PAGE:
Last month, Parag Agrawal’s appointment as Twitter’s CEO made headlines. And why shouldn’t it? Indian bagging the highest position at a global social media giant is a pretty big deal. And it’s not just Parag Agrawal. The list of Indians at good positions in American companies is quite long.

indian talent
Parag Agrawal became the new CEO of Twitter last month

And here we are only talking about those Indians who become CXOs of those companies. We are not taking into account those people who work at lower positions, but are just as valuable and indispensable.

While it is a celebratory cause as it promotes Indian talent globally and gives our youth an opportunity to do well for themselves, it is also a cause of worry as our talent goes out. Someone who could help in the development of India now helps in the advancement of some other country. This phenomenon is commonly called brain drain.

Thankfully for us, this may slow down in the future as corporate America’s pipeline of Indian talent dries up.

The Shift In Trend

It is true that America thrives on foreign talent, including Indian talent. So, it could be facing a major challenge now that it may face its shortage in the coming time.

When we say that the pipeline may be running dry, it doesn’t mean that there’s any lack of opportunity in India to go abroad but it means that there are far more opportunities in India than ever before.

Those Indians whose names we hear making it big in the States are the ones who left the country in the 80s. That was not a particularly good decade for the Indian economy and business ecosystem with multiple government restrictions and salary caps.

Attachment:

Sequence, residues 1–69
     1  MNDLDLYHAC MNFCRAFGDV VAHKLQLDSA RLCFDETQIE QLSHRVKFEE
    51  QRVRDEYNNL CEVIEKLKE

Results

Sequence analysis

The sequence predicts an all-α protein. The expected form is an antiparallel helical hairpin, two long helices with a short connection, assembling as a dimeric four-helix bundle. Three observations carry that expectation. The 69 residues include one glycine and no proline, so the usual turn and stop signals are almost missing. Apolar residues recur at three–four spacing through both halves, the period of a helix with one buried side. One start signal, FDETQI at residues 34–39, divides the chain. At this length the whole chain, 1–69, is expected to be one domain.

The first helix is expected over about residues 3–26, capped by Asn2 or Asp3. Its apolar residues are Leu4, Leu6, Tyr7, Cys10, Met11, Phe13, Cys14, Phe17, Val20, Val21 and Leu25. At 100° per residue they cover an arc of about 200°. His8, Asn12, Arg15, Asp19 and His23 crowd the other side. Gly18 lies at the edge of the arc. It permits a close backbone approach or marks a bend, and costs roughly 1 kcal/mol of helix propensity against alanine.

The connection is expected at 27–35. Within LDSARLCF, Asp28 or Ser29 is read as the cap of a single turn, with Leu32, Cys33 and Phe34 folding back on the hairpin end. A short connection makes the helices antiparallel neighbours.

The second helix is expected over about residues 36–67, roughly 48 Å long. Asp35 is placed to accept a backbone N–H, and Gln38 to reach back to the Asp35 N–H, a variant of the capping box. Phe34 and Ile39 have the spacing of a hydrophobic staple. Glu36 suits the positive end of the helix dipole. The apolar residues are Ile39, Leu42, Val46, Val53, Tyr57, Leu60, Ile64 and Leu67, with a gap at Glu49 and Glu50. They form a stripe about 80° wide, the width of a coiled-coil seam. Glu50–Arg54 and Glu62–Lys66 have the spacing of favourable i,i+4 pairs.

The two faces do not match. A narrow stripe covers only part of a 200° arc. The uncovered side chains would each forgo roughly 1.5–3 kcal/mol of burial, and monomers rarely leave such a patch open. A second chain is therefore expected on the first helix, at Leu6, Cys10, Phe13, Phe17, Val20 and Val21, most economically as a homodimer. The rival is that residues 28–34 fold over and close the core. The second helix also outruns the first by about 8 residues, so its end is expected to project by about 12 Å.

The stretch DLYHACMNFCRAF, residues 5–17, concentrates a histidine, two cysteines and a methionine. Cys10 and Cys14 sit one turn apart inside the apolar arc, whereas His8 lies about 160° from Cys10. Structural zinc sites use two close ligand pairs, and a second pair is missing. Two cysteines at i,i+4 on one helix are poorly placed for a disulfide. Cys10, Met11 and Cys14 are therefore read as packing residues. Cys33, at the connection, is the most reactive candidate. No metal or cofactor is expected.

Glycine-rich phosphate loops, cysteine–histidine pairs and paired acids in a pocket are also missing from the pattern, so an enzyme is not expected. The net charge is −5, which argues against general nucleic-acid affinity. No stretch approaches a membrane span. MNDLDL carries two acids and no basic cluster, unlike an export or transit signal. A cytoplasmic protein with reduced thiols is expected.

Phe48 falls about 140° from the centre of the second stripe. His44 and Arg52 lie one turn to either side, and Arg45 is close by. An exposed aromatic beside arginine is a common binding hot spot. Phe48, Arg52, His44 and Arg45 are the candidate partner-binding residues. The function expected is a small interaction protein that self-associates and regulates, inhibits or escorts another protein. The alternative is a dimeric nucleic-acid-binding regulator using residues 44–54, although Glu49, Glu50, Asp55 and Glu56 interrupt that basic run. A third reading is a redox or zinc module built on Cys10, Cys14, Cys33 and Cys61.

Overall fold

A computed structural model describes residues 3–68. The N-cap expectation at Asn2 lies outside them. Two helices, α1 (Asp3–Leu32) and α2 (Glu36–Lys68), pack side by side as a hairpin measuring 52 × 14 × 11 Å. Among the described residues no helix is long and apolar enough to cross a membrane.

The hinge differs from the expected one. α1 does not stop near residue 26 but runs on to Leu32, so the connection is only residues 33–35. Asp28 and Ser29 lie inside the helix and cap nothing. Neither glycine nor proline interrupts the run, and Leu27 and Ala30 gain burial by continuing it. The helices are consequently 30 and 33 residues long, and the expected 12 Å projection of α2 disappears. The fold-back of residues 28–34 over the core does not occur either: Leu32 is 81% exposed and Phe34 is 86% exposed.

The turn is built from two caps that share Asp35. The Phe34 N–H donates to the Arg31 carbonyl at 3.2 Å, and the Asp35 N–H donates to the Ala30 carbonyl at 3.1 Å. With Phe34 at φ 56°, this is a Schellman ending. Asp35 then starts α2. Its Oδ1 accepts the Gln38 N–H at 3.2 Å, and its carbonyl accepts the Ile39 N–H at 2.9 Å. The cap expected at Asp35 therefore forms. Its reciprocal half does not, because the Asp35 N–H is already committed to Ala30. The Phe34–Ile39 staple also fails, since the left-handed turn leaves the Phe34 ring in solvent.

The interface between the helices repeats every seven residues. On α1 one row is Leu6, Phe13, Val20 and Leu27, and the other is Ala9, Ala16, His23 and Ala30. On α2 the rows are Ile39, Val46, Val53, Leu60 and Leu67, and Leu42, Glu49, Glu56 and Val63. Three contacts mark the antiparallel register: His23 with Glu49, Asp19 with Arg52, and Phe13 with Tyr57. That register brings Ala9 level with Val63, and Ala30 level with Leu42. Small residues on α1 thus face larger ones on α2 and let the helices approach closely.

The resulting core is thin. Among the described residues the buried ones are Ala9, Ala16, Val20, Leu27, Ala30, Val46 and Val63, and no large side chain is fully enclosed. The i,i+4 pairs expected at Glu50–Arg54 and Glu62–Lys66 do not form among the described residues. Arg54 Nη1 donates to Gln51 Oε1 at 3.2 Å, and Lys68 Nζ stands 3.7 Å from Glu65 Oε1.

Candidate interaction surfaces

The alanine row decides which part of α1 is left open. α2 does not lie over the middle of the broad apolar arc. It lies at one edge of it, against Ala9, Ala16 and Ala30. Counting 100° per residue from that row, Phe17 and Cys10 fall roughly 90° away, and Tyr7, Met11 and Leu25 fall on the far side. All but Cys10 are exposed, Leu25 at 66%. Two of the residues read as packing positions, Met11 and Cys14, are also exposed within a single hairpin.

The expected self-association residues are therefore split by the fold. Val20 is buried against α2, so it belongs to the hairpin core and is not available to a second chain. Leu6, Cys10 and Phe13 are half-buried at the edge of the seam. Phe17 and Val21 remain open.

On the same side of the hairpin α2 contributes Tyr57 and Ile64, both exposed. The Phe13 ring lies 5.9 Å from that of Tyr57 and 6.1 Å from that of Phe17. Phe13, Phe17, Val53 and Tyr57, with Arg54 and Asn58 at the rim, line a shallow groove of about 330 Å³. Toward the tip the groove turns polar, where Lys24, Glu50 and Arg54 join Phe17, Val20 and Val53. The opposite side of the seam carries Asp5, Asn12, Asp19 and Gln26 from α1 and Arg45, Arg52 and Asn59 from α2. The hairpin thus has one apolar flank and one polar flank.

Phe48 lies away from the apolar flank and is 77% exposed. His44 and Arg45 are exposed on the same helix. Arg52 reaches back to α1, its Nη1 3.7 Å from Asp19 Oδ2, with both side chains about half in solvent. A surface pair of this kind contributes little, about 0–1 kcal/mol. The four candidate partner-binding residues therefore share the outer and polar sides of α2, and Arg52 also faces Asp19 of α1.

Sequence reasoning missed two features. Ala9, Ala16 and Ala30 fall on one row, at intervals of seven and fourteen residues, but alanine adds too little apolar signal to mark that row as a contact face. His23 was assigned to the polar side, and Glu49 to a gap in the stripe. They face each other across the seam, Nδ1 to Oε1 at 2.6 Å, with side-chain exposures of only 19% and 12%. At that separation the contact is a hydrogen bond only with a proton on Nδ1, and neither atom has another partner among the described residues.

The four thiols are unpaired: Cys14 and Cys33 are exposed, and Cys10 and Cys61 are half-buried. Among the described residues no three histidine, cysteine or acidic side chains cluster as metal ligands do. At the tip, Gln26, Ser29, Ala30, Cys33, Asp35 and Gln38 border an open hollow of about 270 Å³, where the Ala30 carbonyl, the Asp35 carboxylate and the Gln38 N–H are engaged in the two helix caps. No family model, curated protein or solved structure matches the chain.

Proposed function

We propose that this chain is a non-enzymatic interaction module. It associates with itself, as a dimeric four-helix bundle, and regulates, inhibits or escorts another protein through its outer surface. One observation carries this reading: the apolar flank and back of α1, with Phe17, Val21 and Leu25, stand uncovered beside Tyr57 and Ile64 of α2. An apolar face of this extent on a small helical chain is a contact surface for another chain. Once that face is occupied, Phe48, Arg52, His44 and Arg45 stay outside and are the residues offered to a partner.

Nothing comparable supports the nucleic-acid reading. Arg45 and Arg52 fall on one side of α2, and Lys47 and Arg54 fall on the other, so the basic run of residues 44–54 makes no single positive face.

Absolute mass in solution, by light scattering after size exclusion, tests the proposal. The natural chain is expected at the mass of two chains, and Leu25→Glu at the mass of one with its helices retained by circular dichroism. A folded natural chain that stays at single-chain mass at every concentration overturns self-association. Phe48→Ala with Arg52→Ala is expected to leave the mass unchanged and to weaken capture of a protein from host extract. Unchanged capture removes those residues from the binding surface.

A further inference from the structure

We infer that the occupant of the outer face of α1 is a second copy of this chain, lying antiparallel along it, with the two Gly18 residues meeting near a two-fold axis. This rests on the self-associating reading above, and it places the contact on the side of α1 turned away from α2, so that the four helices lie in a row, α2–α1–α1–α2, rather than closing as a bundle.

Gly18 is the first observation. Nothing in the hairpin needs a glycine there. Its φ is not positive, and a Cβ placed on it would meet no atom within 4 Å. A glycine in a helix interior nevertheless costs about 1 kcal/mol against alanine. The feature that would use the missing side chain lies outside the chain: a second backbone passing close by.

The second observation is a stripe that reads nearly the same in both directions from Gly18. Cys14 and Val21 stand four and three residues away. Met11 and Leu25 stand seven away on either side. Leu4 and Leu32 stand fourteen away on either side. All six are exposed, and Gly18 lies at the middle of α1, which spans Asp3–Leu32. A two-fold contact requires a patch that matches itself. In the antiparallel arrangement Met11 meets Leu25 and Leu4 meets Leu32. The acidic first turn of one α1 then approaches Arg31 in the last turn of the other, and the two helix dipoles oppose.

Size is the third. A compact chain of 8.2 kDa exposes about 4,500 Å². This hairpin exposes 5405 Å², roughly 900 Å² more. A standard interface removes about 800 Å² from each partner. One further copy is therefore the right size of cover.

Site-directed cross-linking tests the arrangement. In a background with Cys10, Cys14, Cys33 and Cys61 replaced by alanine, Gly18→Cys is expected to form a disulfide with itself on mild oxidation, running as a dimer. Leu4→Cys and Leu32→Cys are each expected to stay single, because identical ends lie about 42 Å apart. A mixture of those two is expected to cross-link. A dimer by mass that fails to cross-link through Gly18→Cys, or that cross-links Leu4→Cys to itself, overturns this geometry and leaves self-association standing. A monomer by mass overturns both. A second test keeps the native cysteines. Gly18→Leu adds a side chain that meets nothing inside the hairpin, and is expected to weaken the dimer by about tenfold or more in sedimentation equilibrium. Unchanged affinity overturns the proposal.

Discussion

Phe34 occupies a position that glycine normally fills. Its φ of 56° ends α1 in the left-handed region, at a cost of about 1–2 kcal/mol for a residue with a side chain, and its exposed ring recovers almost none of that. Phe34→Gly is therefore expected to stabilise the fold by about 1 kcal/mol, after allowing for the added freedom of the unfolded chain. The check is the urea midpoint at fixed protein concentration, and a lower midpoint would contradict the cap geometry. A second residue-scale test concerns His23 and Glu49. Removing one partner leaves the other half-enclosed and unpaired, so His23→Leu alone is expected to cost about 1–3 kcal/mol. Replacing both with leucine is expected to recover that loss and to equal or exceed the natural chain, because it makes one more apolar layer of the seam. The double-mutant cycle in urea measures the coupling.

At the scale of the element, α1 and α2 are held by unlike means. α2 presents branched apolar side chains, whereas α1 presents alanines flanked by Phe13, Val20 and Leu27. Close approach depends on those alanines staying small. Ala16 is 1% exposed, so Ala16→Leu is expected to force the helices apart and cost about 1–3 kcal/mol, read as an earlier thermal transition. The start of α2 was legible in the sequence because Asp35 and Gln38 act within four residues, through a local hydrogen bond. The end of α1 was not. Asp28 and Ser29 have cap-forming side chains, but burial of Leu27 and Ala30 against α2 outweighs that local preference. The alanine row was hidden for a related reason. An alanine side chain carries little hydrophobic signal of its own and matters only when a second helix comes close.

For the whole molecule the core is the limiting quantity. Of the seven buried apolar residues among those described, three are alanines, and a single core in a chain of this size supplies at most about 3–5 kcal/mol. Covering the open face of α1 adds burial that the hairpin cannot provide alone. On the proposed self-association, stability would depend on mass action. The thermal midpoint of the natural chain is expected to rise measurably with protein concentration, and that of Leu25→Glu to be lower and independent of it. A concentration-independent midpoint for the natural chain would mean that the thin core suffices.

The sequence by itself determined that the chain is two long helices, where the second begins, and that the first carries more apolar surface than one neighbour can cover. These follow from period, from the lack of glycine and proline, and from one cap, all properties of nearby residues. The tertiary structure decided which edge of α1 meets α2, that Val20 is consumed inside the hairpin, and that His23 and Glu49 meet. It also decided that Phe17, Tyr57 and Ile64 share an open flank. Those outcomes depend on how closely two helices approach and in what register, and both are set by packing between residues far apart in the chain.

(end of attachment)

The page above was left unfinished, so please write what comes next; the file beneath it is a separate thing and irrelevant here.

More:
Going abroad was the most viable option for them. And it also became much easier to make it big in the USA post the 1990s. So those people who went abroad anytime in and after the mid-80s had an abundance of opportunities.

The same could not be said for those Indians who went to the States in the 70s as at that time, there were limited opportunities for career growth. The industry there still saw a cis white man as the alpha, suitable to lead and manage an organization. The trend changed over the turn of the century when more and more ethnically diverse people saw themselves in the lead positions of big organizations.

Read More: Watch: Indian CEOs In Leading Global Companies

India’s Business Landscape Changing

Today, there is a clear paradigm shift in the business landscape of India. Unlike earlier, there is no upper limit on how much a CXO can earn. Thus, they can earn just as much as their counterpart anywhere else in the world (keeping purchasing power parity in mind).

This means that they can make it big from their home country itself. Many tier-1 college graduates, who probably would have chosen to go abroad after studies earlier, are now choosing to stay here and build their own companies in a startup-enabled Indian ecosystem.

Today, we have several examples of young people who chose to stay here and progress their careers. Many of them may have education or some work experience in the States but the fact that they eventually came back to India to do business here is a good sign.

Reverse Brain Drain

The pandemic accelerated what is known as the phenomenon of reverse brain drain. The talent is shifting back to India from the US. Indian corporates are taking advantage of this opportunity.

Ixigo, for example, was quick to invite job applications from Indians who could not secure an H-1B visa. Zomato’s product head Rahul Ganjoo also reached out to this target audience on social media.

The pandemic has highlighted that the USA is not the lone global superpower anymore. India is progressing at a great scale and may soon enough beat the USA. Especially now that the Indian talent is choosing its country over the States.

Sources: Money Control, Rediff, Business World

Image Source: Google Images

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This post is tagged under: parag agrawal, twitter CEO, microsoft ceo, google CEO, sundar pichai, satya nadela, micron CEO, leena nair, chanel CEO, indian techies, indian talent, brain drain, corporate America, silicon valley, IIT grads, talented indians, reverse brain drain, startup, business, economy, business ecosystem, changing landscape of business, Indian CXOs, opportunities, career

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